Whatever the outcome Imran Khan, by his concerted onslaught against Sharif, has perhaps inexorably damaged the latter’s brand. There are few takers of the PML-N‘s convoluted thinking that those who are raking up the Panama leaks issue against the prime minister are somehow averse to the wonders he is performing in the economic field and for the welfare of the people.
The PTI chief claims that whatever the outcome of the case Pakistan will inexorably change for the better by ushering a new era of accountability. Of course he is convinced that Sharif and his family is guilty as charged and will not be spared by the apex court.
It seems unlikely the court will pass the buck by forming a commission to probe Panamagate. It has heard the counsels representing the opposing parties threadbare. Hopefully the Day of Judgment will come during the coming week.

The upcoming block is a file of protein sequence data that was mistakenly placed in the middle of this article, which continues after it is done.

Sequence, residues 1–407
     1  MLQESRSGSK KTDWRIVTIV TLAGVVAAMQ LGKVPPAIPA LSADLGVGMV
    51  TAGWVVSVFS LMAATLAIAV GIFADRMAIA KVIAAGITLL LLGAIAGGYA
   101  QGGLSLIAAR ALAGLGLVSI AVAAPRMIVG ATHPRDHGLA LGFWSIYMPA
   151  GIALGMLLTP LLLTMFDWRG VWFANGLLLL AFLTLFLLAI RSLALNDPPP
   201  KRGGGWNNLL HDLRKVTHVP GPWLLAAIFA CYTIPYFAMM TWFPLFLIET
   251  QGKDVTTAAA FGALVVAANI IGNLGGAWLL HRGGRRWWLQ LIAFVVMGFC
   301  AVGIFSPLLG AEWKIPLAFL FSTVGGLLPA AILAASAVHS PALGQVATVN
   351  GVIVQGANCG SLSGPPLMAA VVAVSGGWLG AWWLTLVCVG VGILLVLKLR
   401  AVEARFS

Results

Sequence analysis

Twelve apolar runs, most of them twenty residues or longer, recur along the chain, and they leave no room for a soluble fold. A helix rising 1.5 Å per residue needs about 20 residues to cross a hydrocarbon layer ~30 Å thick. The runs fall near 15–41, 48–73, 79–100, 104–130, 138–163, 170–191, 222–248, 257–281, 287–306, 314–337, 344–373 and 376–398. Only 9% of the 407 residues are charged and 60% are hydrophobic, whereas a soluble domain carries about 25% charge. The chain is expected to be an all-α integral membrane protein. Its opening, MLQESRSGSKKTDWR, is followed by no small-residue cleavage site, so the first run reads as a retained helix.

In the worst-case scenario Sharif should be prepared for a smooth transition. With just over a year left of his five-year term the country is already slipping into election mode.
Of course the ruling PML-N would like to complete its term so as to be able to reap the fruits of its power projects and development schemes. However, if the verdict does not favour Sharif, that might not be possible.
Some jurists opine that by virtue of being the ‘permanent establishment’, the courts historically have never punished the Sharifs for their acts of omission or commission. But perhaps they could be in for a rude shock this time around.
Nawaz Sharif might save his skin on technicalities. But still, as the saying goes: the emperor has no clothes.